Home Current Issue Previous Issues Published Ahead-of-Print Collections For Authors Journal Info
Skip Navigation LinksHome > April 2013 - Volume 88 - Issue 4 > Why We Must Teach Written and Verbal Communication Skills to...
Academic Medicine:
doi: 10.1097/ACM.0b013e3182854f57
Letters to the Editor

Why We Must Teach Written and Verbal Communication Skills to Medical Students and Residents

Simonson, Jean A. MD

Free Access
Article Outline
Collapse Box

Author Information

Residency program director, Department of Anesthesiology, University of Nebraska Medical Center, Omaha, Nebraska; jsimonso@unmc.edu.

To the Editor: With physicians becoming more involved in the administration and leadership of health care, learning effective verbal and written communication skills is essential for our medical students and residents. Now, more than ever, education and practice in professional writing and speaking should be included during medical school and residency.

This need recently became clear to me when, in my role as a residency program director, I discovered that my residents had not written any formal communication since their residency or fellowship applications. The residents considered handwritten “thank you” notes, daily e-mail exchanges, and electronic health records as formal written communication. Ironically, the introduction of the electronic health record has been positively received for providing prepopulated text options to expedite the completion of medical notes when, in fact, it may reduce residents’ ability to communicate their thoughts independently.

The need for training in written and verbal communication skills has been widely acknowledged. “Interpersonal skills and communication” is one of the six core competencies of the Accreditation Council for Graduate Medical Education. In addition, the literature abundantly addresses verbal communications surrounding physician–patient and physician–colleague interactions. In a review more than 25 years ago, only 15 of 101 responding medical schools offered formal writing courses.1 The current status of professional writing instruction through medical school and residency programs is unavailable, but I am sure that additional education is warranted. For example, Varkey et al2 revealed in 2009 that medical students in their study reported minimal or no knowledge in writing proposals. Well-written proposals and business plans can help physicians establish leadership in health care as integral members of the health care team.3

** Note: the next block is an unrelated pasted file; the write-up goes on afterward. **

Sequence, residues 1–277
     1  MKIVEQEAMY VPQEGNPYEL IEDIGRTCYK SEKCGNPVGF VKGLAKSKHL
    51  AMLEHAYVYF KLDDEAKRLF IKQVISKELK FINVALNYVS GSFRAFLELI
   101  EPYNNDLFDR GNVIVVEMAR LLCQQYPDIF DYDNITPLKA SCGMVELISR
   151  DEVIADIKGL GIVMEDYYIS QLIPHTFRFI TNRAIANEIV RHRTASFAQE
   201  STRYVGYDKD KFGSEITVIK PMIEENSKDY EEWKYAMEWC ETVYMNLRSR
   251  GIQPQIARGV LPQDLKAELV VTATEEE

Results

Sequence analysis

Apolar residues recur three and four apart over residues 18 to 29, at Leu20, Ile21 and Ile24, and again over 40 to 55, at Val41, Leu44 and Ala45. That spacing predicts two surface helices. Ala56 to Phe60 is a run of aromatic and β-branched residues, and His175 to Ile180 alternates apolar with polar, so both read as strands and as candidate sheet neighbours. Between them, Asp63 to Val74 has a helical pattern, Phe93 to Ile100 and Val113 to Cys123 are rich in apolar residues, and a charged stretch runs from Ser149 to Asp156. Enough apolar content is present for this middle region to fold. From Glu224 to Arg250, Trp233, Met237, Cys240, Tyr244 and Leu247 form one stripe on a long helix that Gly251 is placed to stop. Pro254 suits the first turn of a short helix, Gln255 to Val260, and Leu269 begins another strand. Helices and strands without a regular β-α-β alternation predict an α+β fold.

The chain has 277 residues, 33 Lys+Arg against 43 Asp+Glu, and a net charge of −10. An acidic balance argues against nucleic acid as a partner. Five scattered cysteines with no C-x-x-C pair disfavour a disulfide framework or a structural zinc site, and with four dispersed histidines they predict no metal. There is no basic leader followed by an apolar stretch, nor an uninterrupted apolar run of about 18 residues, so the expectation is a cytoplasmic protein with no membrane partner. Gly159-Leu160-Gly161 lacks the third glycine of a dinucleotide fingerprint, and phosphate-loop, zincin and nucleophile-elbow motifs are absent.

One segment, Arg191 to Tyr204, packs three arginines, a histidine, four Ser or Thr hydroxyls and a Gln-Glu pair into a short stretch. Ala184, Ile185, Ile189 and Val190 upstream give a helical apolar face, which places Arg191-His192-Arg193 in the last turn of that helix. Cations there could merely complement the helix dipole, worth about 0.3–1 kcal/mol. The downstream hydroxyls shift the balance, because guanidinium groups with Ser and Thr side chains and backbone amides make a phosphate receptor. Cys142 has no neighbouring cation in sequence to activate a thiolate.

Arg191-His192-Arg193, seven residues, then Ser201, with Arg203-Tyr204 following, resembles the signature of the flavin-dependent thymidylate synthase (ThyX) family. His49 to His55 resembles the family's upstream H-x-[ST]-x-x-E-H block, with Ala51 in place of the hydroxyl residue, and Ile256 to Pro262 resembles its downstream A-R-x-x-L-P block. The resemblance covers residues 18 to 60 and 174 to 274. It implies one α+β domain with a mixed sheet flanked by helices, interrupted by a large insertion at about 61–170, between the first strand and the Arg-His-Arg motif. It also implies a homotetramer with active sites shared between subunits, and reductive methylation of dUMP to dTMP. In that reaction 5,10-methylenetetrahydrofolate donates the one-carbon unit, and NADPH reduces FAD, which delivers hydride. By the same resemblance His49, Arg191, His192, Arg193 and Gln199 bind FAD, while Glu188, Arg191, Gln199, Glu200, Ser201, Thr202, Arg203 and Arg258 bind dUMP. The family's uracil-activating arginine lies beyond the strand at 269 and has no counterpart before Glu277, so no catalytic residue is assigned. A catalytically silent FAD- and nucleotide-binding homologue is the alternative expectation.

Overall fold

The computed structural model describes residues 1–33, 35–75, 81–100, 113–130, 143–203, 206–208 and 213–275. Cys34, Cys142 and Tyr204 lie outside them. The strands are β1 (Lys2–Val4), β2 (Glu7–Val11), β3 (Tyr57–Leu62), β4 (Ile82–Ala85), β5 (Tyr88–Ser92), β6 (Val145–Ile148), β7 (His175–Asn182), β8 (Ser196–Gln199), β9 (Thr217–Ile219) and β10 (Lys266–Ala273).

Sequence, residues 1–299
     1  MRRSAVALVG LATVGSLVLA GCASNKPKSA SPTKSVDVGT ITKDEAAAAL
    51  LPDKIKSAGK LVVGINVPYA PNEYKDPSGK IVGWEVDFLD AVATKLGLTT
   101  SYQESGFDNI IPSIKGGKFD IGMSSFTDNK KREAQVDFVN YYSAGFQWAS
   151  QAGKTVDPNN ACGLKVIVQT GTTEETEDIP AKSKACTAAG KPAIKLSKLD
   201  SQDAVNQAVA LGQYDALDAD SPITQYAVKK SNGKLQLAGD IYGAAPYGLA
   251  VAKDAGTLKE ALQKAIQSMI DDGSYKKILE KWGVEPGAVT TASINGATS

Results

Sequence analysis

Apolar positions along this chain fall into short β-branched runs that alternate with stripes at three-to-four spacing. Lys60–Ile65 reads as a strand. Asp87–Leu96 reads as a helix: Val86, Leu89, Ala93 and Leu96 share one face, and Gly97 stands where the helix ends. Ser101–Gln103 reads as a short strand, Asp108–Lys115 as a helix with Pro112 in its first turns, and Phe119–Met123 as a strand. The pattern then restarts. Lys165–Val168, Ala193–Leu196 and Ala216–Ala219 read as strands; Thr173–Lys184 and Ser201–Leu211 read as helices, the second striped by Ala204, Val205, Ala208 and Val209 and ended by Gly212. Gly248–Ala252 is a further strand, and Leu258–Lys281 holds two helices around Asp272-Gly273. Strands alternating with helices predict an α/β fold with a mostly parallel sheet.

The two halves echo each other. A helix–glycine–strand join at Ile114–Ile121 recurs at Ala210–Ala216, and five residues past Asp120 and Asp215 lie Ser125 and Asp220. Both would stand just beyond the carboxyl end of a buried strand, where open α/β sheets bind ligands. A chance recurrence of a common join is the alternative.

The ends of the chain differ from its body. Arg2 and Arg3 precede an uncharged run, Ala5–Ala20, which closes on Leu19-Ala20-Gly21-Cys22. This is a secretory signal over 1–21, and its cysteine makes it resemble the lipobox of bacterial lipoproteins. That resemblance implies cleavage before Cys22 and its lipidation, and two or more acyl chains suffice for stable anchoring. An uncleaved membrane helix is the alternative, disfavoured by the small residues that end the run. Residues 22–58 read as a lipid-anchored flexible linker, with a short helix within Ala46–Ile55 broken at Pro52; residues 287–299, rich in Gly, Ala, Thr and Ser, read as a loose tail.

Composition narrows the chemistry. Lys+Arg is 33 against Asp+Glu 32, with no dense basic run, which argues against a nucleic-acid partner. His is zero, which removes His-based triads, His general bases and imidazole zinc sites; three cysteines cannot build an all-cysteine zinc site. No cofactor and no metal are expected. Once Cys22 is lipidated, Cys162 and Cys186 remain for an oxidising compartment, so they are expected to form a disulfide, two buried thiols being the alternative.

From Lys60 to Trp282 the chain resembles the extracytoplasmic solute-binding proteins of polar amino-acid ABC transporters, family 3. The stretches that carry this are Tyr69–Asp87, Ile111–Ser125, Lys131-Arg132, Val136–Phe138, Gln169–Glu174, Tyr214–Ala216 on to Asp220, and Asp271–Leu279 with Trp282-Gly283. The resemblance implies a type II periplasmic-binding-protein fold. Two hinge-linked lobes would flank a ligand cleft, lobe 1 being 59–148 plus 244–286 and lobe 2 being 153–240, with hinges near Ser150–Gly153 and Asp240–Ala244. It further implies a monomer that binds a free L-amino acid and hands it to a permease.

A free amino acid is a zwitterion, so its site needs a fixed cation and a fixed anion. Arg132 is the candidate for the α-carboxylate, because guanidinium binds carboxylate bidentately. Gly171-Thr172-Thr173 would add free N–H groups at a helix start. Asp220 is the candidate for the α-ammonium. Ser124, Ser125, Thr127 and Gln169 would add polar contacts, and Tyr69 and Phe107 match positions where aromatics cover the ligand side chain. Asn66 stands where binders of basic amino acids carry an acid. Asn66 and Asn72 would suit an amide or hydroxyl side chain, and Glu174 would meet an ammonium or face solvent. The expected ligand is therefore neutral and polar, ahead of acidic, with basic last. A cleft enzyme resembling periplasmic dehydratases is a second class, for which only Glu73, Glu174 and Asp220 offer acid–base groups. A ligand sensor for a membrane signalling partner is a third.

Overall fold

In the meantime, I plan to incorporate professional writing exercises into my residency program, and I encourage other educators to assess their students and residents for similar needs. It is my hope that instruction in formal professional written and verbal communication will become a required component of medical school and residency education in the very near future.

Jean A. Simonson, MD

Residency program director, Department of Anesthesiology, University of Nebraska Medical Center, Omaha, Nebraska; jsimonso@unmc.edu.

Back to Top | Article Outline

References

1. Bjork RE, Oye RK. Writing courses in American medical schools. J Med Educ. 1983;58:112–116

2. Varkey P, Peloquin J, Reed D, Lindor K, Harris I. Leadership curriculum in undergraduate medical education: A study of student and faculty perspectives. Med Teach. 2009;31:244–250

3. Cohn KH, Schwartz RW. Business plan writing for physicians. Am J Surg. 2002;184:114–120

© 2013 Association of American Medical Colleges

Login

Article Tools

Share